2014 Global Street Fight Study
The Global Street Fight™ was developed by Gibbs & Soell as a thought-leadership platform to describe the current state of the global economy and the challenges facing today’s business, marketing and communications leaders as they compete for market share. In light of this, chief executives face the dilemma of choosing the path to restore public confidence in their leadership abilities and strengthen their own reputations.
Gibbs & Soell and Harris Poll, a leading global provider of information and insights to aid business decisions, teamed up to explore public perceptions of corporate leadership in today's environment, focusing on the areas of boldness, innovation and trust. The Global Street Fight™ Study 2014 was co-developed by Steve Halsey, principal and managing director, business consulting, Gibbs & Soell, and Robert Fronk, senior vice president of reputation management and public affairs, Nielsen.
The result is an insightful view of how the public sees the C-suite today. Americans are conflicted on whether CEOs should focus on successful risk management to ensure steady and consistent operations or bold, innovative leadership to drive business forward.
Key findings include:
- 53 percent of the public believe the main priority of the CEO is to be a risk manager while 47 percent believe it is to be bold and innovative, as compared to last year’s even 50-50 split between the two traits.
- 25 percent of Americans say senior leadership at large companies is weaker today than it was five years ago, compared to only eight percent who think senior leadership is stronger today. In 2013, 30 percent of U.S. adults said leaders were weaker than they were five years previously, compared to 10 percent who thought they were stronger.
- 52 percent of U.S. adults feel leadership has a balanced focus on short- and long-term goals, up from 47 percent in 2013. However, only 39 percent of the Opinion Elites share this view.
- While the majority of Americans believe leaders are both innovative and bold today, the Opinion Elites believe leaders are less bold than the general population.
- The majority (53 percent) of younger adults (age 18-44) feel a CEO’s main priority is to be bold and innovative.
- Across all demographics and levels of social engagement, strategic thinker (74 percent), innovative (71 percent) and risk-taker (58 percent) are the most important attributes of a bold leader. Younger adults (age 18-34) are more likely than their older counterparts to consider dreamer, confrontational and stubborn as characteristics of a bold leader.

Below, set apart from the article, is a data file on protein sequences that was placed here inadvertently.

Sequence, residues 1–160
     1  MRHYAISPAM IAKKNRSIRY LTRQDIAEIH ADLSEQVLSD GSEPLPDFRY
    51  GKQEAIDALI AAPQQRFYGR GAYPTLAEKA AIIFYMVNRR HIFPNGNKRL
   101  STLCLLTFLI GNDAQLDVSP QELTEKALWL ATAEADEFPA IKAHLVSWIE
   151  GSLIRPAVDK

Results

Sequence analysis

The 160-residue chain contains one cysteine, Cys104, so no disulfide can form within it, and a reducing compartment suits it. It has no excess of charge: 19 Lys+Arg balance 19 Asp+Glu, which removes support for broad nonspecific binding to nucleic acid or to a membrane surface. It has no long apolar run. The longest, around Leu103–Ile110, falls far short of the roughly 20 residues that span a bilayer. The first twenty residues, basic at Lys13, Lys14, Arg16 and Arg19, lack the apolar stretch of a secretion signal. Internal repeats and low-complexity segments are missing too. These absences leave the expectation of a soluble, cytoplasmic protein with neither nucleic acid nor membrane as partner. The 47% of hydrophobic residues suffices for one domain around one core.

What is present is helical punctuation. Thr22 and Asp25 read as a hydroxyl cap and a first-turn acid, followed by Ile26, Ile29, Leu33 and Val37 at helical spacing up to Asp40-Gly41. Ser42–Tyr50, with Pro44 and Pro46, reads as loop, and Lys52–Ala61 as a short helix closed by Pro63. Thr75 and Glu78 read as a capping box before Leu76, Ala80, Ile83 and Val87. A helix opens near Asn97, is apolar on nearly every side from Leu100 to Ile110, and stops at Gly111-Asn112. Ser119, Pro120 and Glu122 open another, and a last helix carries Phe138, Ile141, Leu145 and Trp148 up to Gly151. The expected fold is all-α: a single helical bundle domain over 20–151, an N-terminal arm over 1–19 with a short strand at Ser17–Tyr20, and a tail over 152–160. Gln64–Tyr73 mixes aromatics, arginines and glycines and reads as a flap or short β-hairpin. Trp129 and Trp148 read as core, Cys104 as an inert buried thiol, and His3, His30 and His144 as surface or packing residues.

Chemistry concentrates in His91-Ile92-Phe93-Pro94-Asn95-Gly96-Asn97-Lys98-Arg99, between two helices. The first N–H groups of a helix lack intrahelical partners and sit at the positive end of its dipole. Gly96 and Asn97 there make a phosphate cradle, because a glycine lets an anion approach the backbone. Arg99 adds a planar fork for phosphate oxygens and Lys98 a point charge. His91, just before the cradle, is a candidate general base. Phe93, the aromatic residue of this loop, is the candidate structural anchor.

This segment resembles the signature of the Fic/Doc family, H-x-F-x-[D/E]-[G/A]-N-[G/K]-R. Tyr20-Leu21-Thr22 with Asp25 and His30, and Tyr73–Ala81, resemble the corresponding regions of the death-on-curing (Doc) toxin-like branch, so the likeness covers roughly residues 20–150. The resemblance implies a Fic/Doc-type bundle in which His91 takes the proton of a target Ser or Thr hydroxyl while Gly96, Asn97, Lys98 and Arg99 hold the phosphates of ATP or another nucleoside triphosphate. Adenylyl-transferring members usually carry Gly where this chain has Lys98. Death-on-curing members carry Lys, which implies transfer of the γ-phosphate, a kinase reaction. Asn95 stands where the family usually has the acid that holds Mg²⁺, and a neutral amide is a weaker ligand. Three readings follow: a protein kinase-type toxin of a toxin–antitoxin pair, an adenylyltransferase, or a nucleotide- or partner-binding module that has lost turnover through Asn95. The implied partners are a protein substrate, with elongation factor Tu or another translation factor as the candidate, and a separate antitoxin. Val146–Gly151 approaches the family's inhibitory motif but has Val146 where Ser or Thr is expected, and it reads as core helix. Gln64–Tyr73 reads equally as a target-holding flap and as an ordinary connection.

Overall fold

- Older individuals (age 45+) are more likely than their younger counterparts to think leadership is weaker today than five years ago.
- Retirees (63 percent) are the most likely to feel that a CEO’s main priority is to be a successful risk manager.
Scroll down to download full news release, study and supplemental infographics for 2014 Global Street Fight Study.
“The private employment rate exceeded pre-recession levels for the first time last month, the stock market shows modest gains and the housing market continues its recovery, yet the majority of Americans do not appear to be giving corporate leaders credit for these positive signals,” said Steve Halsey, principal and managing director, business consulting, Gibbs & Soell. “The public has grown tired of the volatility and is clamoring for strategic thinkers who can navigate near-term hurdles and drive toward future growth with consistency, stability and poise.”
“The Opinion Elites wield considerable power in the public spotlight,” said Robert Fronk, senior vice president, Nielsen Reputation Management and Public Affairs. “Business leaders and communicators must pay attention to this vocal group, which has the potential to skew the conversation since they are so active in both traditional and social media. Whether a company’s strategy is built on bold innovation or consistent risk management, communicators must ensure their leaders are clearly and credibly articulating the reasons for their chosen paths.”
Free downloads of 2014 Global Street Fight Study, news release and supplemental infographics:
Access our archived Global Street Fight Study and image from 2013:
Global Street Fight™ Study: Leadership Qualities
For more information about the Global Street Fight Study and thought-leadership program, please contact Mary C. Buhay at (212) 697-2600 or firstname.lastname@example.org.